Cathy slipped unnoticed into potentially hostile territory.  Not for a counter-attack.  Not for reasons of profit or politics.  But he made friends with Campus Pride director, gay activist, and openly gay man, Shane Windmeyer.  And you know what, Windmeyer had a second “coming out” in his life.  This time, the man who had organized the boycotts against the Chick-Fil-A restaurants actually “came out” as Dan Cathy’s friend.  I saw a picture of the two sitting at the Chick-Fil-A Bowl in Atlanta.  

Chick-Fil-A CEO Dan Cathy initiated the relationship.  Of course, at first, Shane Windmeyer was completely suspicious.  But he said, “Dan Cathy got to know me, visited me personally.  Learned about my family.  I learned about his wife and his kids.  I gained an appreciation for him and his beliefs.  Dan Cathy offered me no apology for his genuine beliefs about marriage, nor did I offer him any apology about mine.  He never asked me to end the boycotts.  We both began to see that we didn’t have to agree with our ‘enemy’ in order to be able to love them.”

Christianity does not give us permission to dishonor or disregard those whom we perceive as our enemies.  “By getting to know me, Dan Cathy expanded his world without abandoning it, and I did mine as well.” In fact, Windmeyer admitted he was sorry he’d spent so much time being angry and deeply distrustful of a man he didn’t know, a man he just considered his enemy.  Both men put their reputations on the line, sitting side by side at the Chick-Fil-A Bowl in the hope of closing the gap between them.  Might we do the same with our enemies?  Maybe over some waffle fries.  (“Chick-Fil-A’s Lesson on Loving Your Enemies,” www.christianitytoday.com)

 Last story, bless those who persecute you.

A courtroom in South Africa.  A frail black woman stands slowly to her feet.  She is more than 70 years old.  Facing her from across the room are several white security police officers.  One of them, a Mr. van der Broek, has just been tried and found guilty in the murders of the woman’s son and husband.  He had come to the woman’s home, taken her son, shot him at point-blank range, then burned the young man’s body while he and his officers had a party.

Eight years later, van der Broek and his cohorts returned to the same house and seized the boy’s father.  She was forced to watch as they bound her husband on a woodpile.  The last words she heard form his lips as van der Broek and his fellow officers poured gasoline over his body were, “Father, forgive them….”  And they set him aflame.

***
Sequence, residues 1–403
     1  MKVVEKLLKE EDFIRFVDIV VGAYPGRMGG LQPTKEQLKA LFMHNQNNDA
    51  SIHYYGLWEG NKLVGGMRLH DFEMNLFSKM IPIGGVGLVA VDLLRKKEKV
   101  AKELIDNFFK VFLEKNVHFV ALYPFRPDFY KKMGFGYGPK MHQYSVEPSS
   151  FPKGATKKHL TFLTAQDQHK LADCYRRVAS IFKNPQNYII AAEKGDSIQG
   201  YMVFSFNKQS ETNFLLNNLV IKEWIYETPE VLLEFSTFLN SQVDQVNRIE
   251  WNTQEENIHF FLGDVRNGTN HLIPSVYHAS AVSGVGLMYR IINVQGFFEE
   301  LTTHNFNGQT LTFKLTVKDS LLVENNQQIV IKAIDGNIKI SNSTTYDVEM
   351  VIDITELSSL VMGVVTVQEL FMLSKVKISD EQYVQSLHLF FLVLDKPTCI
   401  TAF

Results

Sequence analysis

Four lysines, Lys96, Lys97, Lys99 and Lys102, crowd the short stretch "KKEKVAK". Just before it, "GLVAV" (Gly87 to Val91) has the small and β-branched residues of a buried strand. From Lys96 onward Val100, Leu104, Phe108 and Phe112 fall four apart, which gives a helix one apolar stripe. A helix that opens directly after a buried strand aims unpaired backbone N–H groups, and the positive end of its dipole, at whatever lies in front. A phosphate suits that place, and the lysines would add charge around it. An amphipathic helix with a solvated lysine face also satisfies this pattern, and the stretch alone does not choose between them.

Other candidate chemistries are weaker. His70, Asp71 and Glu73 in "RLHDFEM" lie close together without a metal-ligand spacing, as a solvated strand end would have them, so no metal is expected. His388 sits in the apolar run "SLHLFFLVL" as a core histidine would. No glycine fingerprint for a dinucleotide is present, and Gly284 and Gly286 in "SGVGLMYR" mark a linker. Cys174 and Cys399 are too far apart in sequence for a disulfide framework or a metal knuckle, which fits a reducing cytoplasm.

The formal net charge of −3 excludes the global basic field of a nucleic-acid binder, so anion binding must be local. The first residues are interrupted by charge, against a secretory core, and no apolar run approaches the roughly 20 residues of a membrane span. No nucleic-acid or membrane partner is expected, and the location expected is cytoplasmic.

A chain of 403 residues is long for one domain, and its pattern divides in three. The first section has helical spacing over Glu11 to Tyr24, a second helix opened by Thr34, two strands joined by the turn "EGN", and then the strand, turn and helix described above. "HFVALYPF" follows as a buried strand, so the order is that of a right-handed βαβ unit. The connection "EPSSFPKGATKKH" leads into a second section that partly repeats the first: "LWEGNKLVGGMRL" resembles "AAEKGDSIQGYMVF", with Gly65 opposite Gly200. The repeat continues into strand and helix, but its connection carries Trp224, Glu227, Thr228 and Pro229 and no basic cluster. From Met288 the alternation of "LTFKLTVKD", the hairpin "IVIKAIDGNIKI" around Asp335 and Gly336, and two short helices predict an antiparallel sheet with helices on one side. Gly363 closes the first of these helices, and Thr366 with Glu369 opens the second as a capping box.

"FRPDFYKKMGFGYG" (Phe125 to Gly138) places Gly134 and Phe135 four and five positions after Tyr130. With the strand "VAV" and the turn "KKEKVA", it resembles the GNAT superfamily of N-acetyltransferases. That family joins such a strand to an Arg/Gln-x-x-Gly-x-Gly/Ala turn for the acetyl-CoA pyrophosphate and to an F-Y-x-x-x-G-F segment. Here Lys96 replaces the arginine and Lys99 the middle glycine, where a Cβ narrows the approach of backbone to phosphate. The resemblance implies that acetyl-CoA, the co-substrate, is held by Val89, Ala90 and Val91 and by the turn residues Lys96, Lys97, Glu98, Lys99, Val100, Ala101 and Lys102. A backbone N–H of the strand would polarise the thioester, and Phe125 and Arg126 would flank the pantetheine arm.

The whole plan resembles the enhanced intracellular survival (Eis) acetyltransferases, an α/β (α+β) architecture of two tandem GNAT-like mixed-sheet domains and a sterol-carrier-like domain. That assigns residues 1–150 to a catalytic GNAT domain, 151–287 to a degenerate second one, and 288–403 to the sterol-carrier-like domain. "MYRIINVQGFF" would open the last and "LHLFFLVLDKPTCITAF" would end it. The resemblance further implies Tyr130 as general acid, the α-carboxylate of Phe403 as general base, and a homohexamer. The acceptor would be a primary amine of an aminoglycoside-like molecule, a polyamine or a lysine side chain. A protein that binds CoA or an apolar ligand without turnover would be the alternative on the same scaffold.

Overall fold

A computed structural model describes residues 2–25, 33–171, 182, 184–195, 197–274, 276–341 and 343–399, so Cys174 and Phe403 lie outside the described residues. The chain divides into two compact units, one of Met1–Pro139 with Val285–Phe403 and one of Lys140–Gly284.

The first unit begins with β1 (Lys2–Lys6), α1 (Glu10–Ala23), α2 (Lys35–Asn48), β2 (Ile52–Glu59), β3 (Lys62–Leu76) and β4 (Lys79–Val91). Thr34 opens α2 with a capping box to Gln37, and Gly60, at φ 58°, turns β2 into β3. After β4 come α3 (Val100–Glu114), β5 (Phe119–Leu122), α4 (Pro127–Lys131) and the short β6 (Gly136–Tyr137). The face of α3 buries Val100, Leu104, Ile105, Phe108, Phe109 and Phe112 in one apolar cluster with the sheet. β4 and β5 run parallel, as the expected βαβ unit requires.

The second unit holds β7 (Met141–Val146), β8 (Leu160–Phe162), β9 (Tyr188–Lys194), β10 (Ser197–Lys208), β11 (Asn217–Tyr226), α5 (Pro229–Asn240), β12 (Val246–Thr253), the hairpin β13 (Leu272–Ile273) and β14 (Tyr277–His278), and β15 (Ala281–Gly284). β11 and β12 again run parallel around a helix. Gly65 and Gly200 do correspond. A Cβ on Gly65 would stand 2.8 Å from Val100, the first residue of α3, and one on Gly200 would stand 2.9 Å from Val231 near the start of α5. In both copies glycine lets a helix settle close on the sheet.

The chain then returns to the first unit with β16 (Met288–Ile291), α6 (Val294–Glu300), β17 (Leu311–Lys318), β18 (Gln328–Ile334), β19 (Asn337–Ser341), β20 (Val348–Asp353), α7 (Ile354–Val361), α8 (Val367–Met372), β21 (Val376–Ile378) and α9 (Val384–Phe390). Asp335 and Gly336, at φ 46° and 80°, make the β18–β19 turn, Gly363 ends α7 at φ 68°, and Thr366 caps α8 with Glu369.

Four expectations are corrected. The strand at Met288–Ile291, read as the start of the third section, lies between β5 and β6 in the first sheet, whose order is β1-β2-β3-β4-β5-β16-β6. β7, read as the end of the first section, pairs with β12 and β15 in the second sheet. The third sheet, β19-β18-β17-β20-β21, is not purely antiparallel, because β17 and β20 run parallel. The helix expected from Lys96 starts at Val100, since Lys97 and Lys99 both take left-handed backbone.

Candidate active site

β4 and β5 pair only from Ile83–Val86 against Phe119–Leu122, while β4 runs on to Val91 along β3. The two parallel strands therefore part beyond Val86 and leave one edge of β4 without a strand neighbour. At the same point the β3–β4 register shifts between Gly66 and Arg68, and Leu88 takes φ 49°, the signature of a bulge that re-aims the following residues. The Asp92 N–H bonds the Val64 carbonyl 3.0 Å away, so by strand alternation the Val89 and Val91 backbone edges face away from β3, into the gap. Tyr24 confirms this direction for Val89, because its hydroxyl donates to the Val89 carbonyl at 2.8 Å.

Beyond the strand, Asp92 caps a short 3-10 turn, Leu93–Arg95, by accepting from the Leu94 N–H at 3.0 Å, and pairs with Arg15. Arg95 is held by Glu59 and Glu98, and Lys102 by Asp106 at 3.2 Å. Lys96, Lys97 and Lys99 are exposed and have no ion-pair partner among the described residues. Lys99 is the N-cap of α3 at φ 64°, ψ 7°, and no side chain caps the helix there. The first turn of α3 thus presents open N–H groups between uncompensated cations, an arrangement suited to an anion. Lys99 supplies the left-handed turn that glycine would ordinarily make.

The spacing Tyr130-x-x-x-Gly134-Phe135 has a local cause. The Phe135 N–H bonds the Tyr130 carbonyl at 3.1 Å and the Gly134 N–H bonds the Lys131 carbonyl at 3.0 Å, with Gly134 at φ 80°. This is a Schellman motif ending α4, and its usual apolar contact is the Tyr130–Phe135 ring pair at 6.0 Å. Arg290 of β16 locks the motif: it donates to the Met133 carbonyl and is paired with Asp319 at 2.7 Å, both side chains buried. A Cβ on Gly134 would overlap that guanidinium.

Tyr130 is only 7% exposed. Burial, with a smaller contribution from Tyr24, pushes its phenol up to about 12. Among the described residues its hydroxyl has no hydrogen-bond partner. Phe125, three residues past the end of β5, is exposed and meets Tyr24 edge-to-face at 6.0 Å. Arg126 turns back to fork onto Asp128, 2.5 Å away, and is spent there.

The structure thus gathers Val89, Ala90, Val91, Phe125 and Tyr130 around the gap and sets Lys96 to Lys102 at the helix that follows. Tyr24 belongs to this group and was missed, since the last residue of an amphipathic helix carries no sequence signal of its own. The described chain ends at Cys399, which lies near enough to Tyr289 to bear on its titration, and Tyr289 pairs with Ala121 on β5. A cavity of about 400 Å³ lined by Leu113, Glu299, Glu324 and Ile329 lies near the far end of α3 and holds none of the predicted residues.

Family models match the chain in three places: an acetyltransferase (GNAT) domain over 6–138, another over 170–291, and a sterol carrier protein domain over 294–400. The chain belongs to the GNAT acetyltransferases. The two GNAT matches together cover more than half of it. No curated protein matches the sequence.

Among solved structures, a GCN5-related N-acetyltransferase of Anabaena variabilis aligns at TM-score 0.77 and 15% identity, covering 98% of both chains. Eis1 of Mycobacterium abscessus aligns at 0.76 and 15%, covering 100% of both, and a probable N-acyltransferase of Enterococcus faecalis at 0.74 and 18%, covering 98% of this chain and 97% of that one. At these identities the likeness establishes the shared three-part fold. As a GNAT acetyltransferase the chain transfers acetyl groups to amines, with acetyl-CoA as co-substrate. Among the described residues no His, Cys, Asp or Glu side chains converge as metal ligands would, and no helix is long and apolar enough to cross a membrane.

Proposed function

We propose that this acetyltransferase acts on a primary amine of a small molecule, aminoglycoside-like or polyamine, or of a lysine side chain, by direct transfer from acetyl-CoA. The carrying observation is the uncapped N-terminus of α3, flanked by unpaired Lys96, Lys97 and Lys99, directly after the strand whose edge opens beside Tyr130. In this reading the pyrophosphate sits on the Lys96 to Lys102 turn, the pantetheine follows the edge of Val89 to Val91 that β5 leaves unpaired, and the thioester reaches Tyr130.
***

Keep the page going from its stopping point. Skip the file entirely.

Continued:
When the woman stood in the courtroom and listened to the confession of van der Broek, a member of South Africa’s Truth and Reconciliation Commission turned to her and asked, “So, what do you want?  How should justice be done to this man who has so brutally destroyed your family?”

“I want three things,” began the old woman calmly, but confidently.  “I want first to be taken to the place where my husband’s body was burned so that I can gather up the dust and give his remains a decent burial.”  She paused, then continued, “My husband and son were my only family.  I want, secondly, therefore, for Mr. van der Broek to become my son.  I would like for him to come twice a month to the ghetto and spend a day with me so I can pour out on him whatever love I still have remaining in me.

“Finally,” she said, “I would like Mr. van der Broek to know that I offer him my forgiveness because Jesus Christ died to forgive.  This was also the wish of my husband.  So, I would kindly ask some one to come to my side and lead me across the courtroom so that I can take Mr. van der Broek in my arms, embrace him and let him know – by me at least – that he is truly forgiven.”

As the court assistants came to lead the elderly woman across the room, van der Broek fainted, overwhelmed by what he had heard.  As he struggled for consciousness, those in the courtroom – family, friends, neighbors – all victims of decades of oppression and injustice – began to sing softly but assuredly, “Amazing grace, how sweet the sound, that saved a wretch like me.”  (Philip Yancey, Rumors of Another World)

“You have heard that it was said, ‘Love your neighbor and hate your enemy.’  But I say unto you, ‘Love your enemy as well.’”